As a parent, it can feel a little awkward talking about menstrual cycles with your daughter. However, OB-GYN professionals recommend starting these conversations early to prepare her for what’s to come. If you don’t know how or where to start, use this guide for a nudge in the right direction.
When to Start the Conversation
It’s normal for young kids to have questions about menstruation, especially if their friends have started or they heard about it at school. They might not know exactly what they’re asking about, but usually kids begin hearing the words tampon and period between the ages of 4 and 7. Take advantage of their curiosity to start peppering in information.
What She Needs to Know
When Most Girls Start Their Period
Most girls will get their first period between the ages of 8 and 15, with the average of 12 years old. Usually, it comes about two years after her breasts start to develop.
Why Periods Happen
When girls enter puberty, their ovaries start to release estrogen and progesterone hormones, which cause the lining of the uterus to thicken in preparation for a fertilized egg. During this time, an egg in one of the ovaries starts to mature, and usually at day 14 in this 28-day cycle, the egg will travel through the Fallopian tubes to the uterus. If the egg is not fertilized by a sperm during this time, the hormones will drop, and the egg and thickened lining will be shed through the vagina.
Frequency & Length of Periods
On average, periods happen at least once a month and last for about five days. Although it takes two to three years for periods to occur regularly, tracking her cycle will help her learn to expect when it’s about to happen.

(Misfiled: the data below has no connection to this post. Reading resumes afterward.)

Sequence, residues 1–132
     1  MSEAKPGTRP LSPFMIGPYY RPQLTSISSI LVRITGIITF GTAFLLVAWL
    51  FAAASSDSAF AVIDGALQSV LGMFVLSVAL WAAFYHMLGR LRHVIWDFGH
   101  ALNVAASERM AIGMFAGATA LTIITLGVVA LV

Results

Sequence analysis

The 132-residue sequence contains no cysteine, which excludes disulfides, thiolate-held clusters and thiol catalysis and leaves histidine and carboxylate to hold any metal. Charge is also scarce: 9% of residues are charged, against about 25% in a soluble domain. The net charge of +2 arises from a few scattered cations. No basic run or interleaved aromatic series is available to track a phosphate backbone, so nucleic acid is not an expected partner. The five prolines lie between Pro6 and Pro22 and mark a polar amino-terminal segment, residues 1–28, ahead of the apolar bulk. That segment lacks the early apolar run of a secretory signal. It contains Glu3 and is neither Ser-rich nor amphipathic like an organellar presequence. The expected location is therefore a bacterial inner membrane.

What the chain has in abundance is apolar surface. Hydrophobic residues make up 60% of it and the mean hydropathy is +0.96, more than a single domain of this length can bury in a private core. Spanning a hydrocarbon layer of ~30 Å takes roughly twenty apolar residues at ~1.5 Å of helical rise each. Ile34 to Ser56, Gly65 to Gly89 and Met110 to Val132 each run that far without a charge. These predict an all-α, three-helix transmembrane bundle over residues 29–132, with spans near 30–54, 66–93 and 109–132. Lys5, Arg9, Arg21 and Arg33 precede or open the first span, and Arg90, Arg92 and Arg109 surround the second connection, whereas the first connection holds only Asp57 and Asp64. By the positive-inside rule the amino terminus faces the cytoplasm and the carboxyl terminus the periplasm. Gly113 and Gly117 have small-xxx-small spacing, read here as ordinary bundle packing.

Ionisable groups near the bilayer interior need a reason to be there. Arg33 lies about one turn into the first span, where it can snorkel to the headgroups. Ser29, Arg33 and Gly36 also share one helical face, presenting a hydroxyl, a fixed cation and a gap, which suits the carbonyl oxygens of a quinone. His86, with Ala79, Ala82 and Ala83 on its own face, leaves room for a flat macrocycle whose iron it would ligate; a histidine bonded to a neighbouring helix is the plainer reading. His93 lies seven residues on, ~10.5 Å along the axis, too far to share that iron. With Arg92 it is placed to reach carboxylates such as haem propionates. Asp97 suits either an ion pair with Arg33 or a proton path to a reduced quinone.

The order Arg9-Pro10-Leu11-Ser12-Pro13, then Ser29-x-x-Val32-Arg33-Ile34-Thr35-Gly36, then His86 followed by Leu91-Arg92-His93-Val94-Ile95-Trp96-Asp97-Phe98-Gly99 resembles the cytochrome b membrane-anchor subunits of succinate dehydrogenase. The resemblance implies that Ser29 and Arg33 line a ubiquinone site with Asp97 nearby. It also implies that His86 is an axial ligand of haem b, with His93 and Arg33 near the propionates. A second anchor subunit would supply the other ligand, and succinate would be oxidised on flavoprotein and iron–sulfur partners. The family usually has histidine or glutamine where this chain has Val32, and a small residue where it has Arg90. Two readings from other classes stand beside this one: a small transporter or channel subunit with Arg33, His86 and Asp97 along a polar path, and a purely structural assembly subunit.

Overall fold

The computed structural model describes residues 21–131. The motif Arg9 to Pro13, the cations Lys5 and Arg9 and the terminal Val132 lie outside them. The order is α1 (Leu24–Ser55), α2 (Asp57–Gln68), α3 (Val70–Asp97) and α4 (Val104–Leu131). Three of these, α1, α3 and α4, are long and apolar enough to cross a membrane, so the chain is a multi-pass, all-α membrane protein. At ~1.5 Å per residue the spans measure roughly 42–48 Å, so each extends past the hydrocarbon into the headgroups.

Feminine Hygiene Products
Today, girls can choose from a range of feminine products. Speak with your OB-GYN about her options and how to use them. Stock up on several different types, such as pads, panty liners, and tampons, so she can test each one and determine what makes her most comfortable.
Premenstrual syndrome is a condition many girls face. It comes with temporary emotional and physical symptoms, such as abdomen and lower-back cramps, breast tenderness, moodiness, anxiety, bloating, acne, headaches, nausea, and diarrhea. These usually happen before or during a period. Explain how she can relieve discomfort by taking a warm bath, using a heating pad, or taking over-the-counter pain relievers.
If your daughter is dealing with heavy or abnormal menstrual periods, bring her to Advanced OB-GYN Services to check for any underlying issues. Dr. Hazan has been providing gynecology and obstetrics treatment to Bridgeton and St. Peters, MO, for over 32 years. He takes a personal interest in every patient and makes the time to answer all of your questions. Schedule an appointment at either office today by calling (314) 291-2140 for Bridgeton or (636) 928-1800 for St. Peters. Visit the website to learn more about the practice’s services.